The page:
The purpose of this research is to conduct comparisons between LEHD and CTPP regarding trip productions, trip attractions and origin-destination flows at different levels of geography. The following case study has been completed.
Over the last several decades the increase in household vehicles and the number of jobs has outpaced the growth in population in the Chicago area. These two trends have increasingly added to the amount of congestion during the peak periods and have directly contributed to increasing travel times to work. This case study will explore some of the factors that have contributed to rather divergent short-term travel-time trends in the Chicago area. We will do this by using the LEHD (On the Map) data and in the process reflect on the utility of the LEHD data for commuting studies and, more generally, regional transportation planning.
Conduct an evaluation of the Longitudinal Employer-Household Dynamics (LEHD) Data for the Chicago region as an alternative (to CTPP) data source for transportation planning.
Obtain the LEHD data sets for the Chicago region and compare them with the corresponding CTPP data sets at different geographic levels. Demonstrate the utility of the new information through a series of case studies.
Expected Results or Products:
In the last five years (2000 – 2005) the travel times have increased dramatically in the fringe suburban counties as home buyers seek inexpensive homes sitting on large lots. In Will County, which has the highest home ownership rate among counties reported by the 2004 American Community Survey (ACS), travel times have increase by 7.2 percent (32.0 –34.3 minutes). McHenry County, number two on the ACS list in home ownership, increased by 6.8 percent. At the same time the travel times in Cook County (Chicago) dropped from 32.6 minutes to 31.9 minutes. Unlike in 2000 Cook County now has a lower travel time to work than Will and McHenry Counties. The decline in Cook County is intriguing and merits close scrutiny as does the relative changes between Cook and the outlying counties.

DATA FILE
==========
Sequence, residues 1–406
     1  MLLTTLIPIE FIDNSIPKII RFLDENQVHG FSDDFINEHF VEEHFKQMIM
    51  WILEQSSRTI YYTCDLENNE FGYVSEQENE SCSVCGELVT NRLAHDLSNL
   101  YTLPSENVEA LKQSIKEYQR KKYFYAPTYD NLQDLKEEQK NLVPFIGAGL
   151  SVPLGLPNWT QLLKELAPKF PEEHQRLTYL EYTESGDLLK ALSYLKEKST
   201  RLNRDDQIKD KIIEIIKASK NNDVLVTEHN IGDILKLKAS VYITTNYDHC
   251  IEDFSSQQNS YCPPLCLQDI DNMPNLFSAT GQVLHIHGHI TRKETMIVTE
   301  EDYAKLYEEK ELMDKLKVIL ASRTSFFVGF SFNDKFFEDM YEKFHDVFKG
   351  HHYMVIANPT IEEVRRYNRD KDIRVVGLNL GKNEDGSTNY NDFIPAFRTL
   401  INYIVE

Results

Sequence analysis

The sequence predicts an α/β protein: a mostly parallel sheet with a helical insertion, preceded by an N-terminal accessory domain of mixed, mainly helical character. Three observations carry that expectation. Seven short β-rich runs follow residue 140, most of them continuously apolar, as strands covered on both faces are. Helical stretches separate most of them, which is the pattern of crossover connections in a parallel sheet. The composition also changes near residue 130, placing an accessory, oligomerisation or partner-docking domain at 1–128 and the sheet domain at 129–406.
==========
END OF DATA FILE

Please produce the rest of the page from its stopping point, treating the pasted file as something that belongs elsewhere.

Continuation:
The case study finds that there is continued strength in jobs in Chicago and Cook County, attracting large number of suburban residents. Concurrently, the suburban housing market is attractive to many home buyers but it adds to their travel time to work. The emerging housing developments are not generally in close proximity to the increase in resident workers. We make this assessment using the LEHD data and find that used properly LEHD may be a useful source of data on the dynamics of commuting in large metropolitan areas such as Chicago.
NOTE: A report or paper from this research is not immediately available.
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